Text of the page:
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Consumer Bankruptcy Basics


Today’s L.A. Times has a great article on consumer bankruptcy, which discusses the basic distinctions between a Chapter 7 bankruptcy and a Chapter 13.  It’s a good read for anyone with substantial debts and questions about how the process works.

Generally speaking, a Chapter 7 — often called a “liquidation” bankruptcy — is for people who will never be able to pay back their debts and need an entirely fresh start.  If a person qualifies for a Chapter 7, either by making less than the median income in their state (Arizona’s median income is around $48,000 per year) or because their monthly expenses leave them with little to no disposable income, then a discharge after Chapter 7 will eliminate most debts entirely.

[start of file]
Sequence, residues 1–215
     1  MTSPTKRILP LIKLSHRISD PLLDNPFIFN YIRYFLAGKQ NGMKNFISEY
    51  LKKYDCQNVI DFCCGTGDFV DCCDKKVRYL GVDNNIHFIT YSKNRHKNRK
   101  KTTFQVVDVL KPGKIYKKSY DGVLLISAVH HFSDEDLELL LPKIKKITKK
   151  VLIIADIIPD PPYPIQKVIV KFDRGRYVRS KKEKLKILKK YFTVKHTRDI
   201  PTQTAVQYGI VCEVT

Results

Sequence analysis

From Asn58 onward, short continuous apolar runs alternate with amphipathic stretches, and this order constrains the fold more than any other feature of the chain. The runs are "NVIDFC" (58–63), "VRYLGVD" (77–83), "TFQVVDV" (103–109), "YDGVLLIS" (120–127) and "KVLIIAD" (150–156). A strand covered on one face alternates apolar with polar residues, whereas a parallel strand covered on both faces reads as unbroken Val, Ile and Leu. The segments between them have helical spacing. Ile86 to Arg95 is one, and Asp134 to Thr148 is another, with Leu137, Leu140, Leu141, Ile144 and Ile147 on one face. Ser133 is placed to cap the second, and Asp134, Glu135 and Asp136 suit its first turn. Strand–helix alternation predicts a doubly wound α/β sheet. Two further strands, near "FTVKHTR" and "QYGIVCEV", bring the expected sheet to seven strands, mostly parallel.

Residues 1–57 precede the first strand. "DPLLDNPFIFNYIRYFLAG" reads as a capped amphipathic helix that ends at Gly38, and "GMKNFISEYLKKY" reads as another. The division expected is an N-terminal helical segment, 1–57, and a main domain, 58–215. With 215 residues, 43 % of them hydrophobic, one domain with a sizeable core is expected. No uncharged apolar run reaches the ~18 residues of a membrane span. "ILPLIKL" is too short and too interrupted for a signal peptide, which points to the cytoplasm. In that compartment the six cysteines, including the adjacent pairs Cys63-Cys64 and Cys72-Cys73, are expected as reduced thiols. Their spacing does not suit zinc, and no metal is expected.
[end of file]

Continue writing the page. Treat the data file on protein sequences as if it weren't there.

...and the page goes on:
On the other hand, if a person is employed and making more than the median income or has disposable income (but not enough to meet their current debt obligations), a Chapter 13 filing could help them by reducing all monthly debt payments to a single affordable monthly payment.

Today’s L.A. Times article also has a nice question and answer section for both Chapter 7 and Chapter 13.

One thing the article hammers home, that I continually remind people, is that: “No matter which type of bankruptcy is filed…there’s onecommon key to a successful outcome. Just as your mother taught you:Honesty is the best policy, and not just for moral reasons.”

The consequences of leaving out information could be dire.  “If you’re caught fudging the numbers or trying to hide property, a bankruptcy can be canceled, possibly leaving you in worse financial shape than when you filed.”

Full text of the L.A. Times article is available here.

My law firm handles both Chapter 7 and Chapter 13 filings and I am always happy to answer any questions from people considering their options.

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Hamid Jabbar

Hamid Jabbar

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